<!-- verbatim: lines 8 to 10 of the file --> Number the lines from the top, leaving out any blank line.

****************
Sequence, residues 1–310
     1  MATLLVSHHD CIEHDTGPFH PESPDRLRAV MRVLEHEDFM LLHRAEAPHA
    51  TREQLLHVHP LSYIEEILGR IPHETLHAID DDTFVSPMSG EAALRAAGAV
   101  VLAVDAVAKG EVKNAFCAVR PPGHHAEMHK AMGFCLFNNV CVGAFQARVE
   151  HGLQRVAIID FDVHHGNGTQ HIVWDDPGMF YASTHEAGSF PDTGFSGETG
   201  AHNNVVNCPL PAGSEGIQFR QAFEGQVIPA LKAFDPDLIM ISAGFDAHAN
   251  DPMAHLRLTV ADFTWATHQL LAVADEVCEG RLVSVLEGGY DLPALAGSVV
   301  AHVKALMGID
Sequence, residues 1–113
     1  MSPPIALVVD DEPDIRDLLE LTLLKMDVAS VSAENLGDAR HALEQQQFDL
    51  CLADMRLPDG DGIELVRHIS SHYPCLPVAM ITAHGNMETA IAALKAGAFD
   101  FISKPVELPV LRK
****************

   301  AHVKALMGID
Sequence, residues 1–113
     1  MSPPIALVVD DEPDIRDLLE LTLLKMDVAS VSAENLGDAR HALEQQQFDL